The Lived Experience of Our Streets sets a vision to create a more equitable and accessible street for all users across London.
During a period of rapidly evolving global trends and competing demands on street space, this vision and toolkit document aims to guide decision makers to put people first in the visioning of central London’s street space.
At the core of this commission is the need to improve the inclusion, accessibility and wellbeing of London’s street users.
The people-first vision and toolkit methodology begins with developing an in-depth understanding of the street, its physical and environmental assets and how the street is being used.
The study explores this methodology by focussing on four different street typologies; a Local Street (Atlantic Road, Brixton), a Destination Street (Camden High Street), an Office and Transport Street (Praed Street, Paddington) and a New Development Street (Circus Road West, Nine Elms).
THE LIVED EXPERIENCE
OF OUR STREETS
“Increasing numbers of competitors want to come in and adopt street space for services, bikes, scooters, car clubs. All of these are potentially useful but accommodating them is becoming an ever laborious task"
A core component of the study has been the findings of key stakeholder engagement sessions which captured the views of public authorities, businesses, landowners, logistics and freight organisations and emerging technology products.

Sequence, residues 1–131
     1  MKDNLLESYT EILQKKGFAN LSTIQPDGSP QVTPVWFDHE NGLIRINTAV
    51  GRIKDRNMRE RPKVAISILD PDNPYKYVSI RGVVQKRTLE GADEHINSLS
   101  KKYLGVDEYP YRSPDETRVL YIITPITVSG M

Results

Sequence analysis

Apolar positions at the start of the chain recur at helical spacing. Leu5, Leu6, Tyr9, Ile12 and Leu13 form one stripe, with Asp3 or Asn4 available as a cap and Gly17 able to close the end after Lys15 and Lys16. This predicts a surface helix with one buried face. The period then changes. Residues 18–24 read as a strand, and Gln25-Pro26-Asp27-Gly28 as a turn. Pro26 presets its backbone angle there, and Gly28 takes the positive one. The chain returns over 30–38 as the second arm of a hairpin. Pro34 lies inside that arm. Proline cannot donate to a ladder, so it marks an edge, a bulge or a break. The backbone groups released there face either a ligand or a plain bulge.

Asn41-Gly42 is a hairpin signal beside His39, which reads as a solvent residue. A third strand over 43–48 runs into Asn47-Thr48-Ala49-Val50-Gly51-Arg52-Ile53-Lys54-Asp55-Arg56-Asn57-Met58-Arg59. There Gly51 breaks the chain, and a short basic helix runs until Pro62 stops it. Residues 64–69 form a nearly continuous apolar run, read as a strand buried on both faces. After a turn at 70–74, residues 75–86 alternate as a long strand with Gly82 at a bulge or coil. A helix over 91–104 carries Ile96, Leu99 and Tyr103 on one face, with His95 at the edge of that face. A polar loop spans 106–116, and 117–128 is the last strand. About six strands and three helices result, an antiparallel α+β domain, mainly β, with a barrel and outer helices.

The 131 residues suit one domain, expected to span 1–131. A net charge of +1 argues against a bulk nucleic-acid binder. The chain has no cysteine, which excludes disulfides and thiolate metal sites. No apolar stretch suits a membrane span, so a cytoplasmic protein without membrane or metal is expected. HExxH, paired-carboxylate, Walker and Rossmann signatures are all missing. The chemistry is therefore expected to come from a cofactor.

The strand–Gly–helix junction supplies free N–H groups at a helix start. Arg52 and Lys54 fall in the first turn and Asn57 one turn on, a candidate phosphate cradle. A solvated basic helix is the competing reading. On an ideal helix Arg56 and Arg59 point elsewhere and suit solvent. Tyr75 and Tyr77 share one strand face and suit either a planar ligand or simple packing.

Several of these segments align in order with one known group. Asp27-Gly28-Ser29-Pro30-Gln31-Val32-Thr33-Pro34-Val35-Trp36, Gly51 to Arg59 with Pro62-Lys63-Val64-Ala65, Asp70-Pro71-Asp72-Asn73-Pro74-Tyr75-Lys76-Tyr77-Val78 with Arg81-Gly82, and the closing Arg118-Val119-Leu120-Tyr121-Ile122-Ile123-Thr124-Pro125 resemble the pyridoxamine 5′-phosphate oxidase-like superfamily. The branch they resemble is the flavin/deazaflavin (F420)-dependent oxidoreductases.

At the heart of the research from this report are the lived experience interviews, where we heard from a diverse representation of street users.
The interviews are both universal and deeply personal in nature, providing a unique perspective into the needs and experiences of those that use our streets as a place of work, leisure, and transport.
The proposed visions use the street space toolkit to demonstrate four high level visions for the street typologies investigated in the study.
This includes an overarching vision for the improvement of user experience of London’s streets in order to minimise environmental stressors and improve the overall health and wellbeing of street users.
The toolkit includes a simple methodology that identifies what TfL and London’s authorities can do with different street space typologies to meet the needs of different users at various times of the day and night.